To read the full article, “Protest: When the Dust Has Settled”, you must be a PILAA Member.

“Protest: When the Dust Has Settled”

Pride month is as we have just witnessed, takes places each year in the month of June. The annual celebration kicks off international marches and events, locally, nationally and internationally. There was July Pride on the 1st of July, New York City Pride on the 25th of June and not forgetting the iconic Dyke March that took place the day before. Hailed as the LGBTQ capital of the UK, there is Brighton and Hove Pride, on the 5th of August, and not least forgetting UK Black Pride, which is “the world’s largest celebration for African, Asian, Middle Eastern, Latin American and Caribbean-heritage LGBTQI+ people” (1) and is celebrated on the 4th of August. Whilst each march sees the community come together in celebration and solidarity, one must not forget that “Pride is still a protest”. (2)

No better is this understood, than when marching in the recent Pride in London and seeing placards on the side-lines from fundamentalist Christians, stating that the LGBTQIA+ community should repent for their sins. This was in stark contrast to the purpose of this year’s pride march, themed ‘Never March Alone: Championing Trans Allyship’. From seeing the battle between division and hate and one of love and solidarity, it was a reminder to all of us, of the origins of Pride, which started off as a march and not a parade. In its first iteration it was called the Christopher Street Liberation March, marking a year after the 1969 Stonewall Uprising in New York. These uprisings, saw community-led violent rebellions, in response to the consistent and targeted harassment by the police. This year’s London Pride, as with the theme, saw more placards highlighting trans rights, given the current social and political climate, amid growing anti-trans rhetoric. We also saw the environmental activist group Just Stop Oil, who as their name indicates, are against the production of new fossil fuels and licensing. Protestors from the group blocked the road in front of a Coca-Cola truck, which halted the parade, and were later arrested by the police.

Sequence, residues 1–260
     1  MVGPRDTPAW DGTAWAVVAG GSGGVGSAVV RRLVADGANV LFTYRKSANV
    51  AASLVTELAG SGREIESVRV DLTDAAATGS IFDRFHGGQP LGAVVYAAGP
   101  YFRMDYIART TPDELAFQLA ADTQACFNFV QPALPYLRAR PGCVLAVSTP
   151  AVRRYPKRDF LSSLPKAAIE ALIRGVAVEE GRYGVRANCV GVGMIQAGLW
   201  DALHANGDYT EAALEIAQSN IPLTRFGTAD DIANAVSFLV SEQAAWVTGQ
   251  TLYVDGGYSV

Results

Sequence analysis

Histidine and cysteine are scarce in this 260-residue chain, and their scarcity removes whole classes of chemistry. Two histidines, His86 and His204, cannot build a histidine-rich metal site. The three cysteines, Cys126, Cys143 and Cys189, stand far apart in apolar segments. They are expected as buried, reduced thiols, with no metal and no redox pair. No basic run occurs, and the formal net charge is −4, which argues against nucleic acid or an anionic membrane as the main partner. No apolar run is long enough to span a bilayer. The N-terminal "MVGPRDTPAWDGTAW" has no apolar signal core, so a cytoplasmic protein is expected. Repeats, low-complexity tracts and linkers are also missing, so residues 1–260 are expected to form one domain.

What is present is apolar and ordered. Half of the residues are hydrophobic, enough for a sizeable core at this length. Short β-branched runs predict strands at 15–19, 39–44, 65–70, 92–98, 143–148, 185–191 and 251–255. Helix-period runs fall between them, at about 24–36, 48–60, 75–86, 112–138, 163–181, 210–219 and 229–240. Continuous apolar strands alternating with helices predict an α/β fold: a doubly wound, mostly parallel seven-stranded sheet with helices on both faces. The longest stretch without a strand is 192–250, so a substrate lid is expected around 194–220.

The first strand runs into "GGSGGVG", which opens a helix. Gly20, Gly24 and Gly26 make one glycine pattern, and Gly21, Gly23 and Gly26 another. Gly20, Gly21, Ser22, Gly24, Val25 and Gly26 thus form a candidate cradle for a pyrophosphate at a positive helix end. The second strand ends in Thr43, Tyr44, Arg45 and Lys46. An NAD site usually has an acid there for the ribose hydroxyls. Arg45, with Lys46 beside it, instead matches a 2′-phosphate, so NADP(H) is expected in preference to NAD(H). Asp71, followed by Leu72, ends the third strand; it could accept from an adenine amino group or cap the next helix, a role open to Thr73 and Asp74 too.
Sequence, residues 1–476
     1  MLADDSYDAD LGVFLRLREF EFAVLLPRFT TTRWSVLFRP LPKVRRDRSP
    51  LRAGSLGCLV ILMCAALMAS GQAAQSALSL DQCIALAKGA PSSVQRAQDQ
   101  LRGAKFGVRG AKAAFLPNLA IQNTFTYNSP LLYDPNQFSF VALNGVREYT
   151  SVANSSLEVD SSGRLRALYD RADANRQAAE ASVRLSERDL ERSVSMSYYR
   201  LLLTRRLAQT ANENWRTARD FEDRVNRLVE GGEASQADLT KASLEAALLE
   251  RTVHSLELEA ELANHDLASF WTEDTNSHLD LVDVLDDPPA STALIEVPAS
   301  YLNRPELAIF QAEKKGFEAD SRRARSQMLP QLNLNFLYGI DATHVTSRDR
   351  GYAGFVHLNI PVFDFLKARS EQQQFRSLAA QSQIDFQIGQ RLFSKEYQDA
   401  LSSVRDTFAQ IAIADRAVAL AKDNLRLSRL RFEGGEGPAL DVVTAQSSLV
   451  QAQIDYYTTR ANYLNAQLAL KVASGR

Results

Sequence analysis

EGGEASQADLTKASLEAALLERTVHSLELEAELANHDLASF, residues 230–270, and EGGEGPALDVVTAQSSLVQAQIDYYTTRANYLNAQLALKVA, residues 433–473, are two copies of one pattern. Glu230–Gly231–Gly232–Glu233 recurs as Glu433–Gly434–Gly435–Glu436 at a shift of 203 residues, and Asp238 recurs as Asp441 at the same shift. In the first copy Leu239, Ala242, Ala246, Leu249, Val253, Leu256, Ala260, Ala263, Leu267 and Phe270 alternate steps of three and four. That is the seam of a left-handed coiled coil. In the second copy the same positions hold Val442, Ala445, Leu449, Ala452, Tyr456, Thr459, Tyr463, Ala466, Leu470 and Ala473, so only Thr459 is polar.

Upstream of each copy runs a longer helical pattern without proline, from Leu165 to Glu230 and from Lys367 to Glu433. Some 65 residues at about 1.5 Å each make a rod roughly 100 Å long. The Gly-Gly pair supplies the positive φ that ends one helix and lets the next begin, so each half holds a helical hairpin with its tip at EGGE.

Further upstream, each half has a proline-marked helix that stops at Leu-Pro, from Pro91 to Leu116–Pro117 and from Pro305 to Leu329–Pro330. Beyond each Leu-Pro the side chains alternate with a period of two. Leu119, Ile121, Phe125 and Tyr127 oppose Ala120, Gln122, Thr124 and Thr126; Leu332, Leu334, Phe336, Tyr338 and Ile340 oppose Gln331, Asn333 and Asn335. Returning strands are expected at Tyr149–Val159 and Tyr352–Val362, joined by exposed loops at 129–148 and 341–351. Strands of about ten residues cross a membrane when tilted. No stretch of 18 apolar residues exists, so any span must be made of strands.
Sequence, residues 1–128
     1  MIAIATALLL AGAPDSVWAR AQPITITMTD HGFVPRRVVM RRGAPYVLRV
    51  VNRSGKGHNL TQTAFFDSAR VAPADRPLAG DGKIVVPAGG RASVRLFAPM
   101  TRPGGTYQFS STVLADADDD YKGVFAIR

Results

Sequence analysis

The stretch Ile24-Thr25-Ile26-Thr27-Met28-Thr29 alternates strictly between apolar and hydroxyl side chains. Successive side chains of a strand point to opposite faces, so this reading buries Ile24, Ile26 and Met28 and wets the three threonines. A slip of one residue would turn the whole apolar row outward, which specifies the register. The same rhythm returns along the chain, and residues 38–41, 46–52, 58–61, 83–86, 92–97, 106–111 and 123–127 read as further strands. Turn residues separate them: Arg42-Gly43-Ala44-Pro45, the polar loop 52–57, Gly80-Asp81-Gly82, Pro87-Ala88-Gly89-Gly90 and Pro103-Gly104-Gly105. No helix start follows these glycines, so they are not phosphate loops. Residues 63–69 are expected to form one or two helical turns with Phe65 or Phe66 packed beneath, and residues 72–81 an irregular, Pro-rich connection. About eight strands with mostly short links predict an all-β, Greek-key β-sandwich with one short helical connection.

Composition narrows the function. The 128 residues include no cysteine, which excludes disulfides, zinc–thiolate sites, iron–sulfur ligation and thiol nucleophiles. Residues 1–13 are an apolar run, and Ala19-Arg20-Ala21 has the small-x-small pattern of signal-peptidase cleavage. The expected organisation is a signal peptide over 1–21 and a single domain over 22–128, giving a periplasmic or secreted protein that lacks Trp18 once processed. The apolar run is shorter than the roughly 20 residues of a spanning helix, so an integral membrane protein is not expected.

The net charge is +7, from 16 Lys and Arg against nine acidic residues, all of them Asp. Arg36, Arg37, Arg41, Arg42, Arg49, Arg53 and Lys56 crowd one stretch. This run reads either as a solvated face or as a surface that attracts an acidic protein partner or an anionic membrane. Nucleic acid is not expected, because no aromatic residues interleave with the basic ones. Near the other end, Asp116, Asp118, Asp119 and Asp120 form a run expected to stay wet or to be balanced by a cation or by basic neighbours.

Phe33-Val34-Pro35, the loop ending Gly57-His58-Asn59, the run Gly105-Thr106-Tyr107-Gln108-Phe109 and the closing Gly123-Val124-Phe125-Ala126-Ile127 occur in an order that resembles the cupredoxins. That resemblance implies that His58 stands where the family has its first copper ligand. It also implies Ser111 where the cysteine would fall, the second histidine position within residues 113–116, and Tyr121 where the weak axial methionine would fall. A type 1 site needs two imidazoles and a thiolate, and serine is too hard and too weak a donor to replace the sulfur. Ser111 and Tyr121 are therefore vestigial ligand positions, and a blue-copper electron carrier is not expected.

According to the LGBT members of the group, and let us not forget, that you can be from various communities and have differing views and values, the reasons behind their protest, was due to pride’s acceptance of sponsorship from “high-polluting industries.” (3) Further they said:

“These partnerships embarrass the LGBTQ+ community at a time when much of the cultural world is rejecting ties to these toxic industries.” “LGBTQ+ people are “suffering first” in the “accelerating social breakdown” caused by the climate crisis, they added. “Pride was born from protest.” (4)

And so protest is the theme of this month’s article. 

To read the full article, “Protest: When the Dust Has Settled”, you must be a PILAA Member.